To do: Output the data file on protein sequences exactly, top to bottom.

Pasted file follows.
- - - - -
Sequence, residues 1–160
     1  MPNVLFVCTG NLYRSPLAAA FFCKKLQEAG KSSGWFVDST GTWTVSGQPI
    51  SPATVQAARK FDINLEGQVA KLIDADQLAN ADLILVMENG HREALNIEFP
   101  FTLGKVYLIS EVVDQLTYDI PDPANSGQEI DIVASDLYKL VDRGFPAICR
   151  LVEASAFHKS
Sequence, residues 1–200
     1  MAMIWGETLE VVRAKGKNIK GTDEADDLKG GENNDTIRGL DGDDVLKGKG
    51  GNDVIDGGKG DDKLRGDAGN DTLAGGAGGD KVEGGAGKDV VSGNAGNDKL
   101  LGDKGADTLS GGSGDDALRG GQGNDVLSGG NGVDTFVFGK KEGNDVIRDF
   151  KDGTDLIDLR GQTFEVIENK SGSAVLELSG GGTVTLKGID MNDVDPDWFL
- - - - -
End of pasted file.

Sequence, residues 1–160
     1  MPNVLFVCTG NLYRSPLAAA FFCKKLQEAG KSSGWFVDST GTWTVSGQPI
    51  SPATVQAARK FDINLEGQVA KLIDADQLAN ADLILVMENG HREALNIEFP
   101  FTLGKVYLIS EVVDQLTYDI PDPANSGQEI DIVASDLYKL VDRGFPAICR
   151  LVEASAFHKS
Sequence, residues 1–200
     1  MAMIWGETLE VVRAKGKNIK GTDEADDLKG GENNDTIRGL DGDDVLKGKG
    51  GNDVIDGGKG DDKLRGDAGN DTLAGGAGGD KVEGGAGKDV VSGNAGNDKL
   101  LGDKGADTLS GGSGDDALRG GQGNDVLSGG NGVDTFVFGK KEGNDVIRDF
   151  KDGTDLIDLR GQTFEVIENK SGSAVLELSG GGTVTLKGID MNDVDPDWFL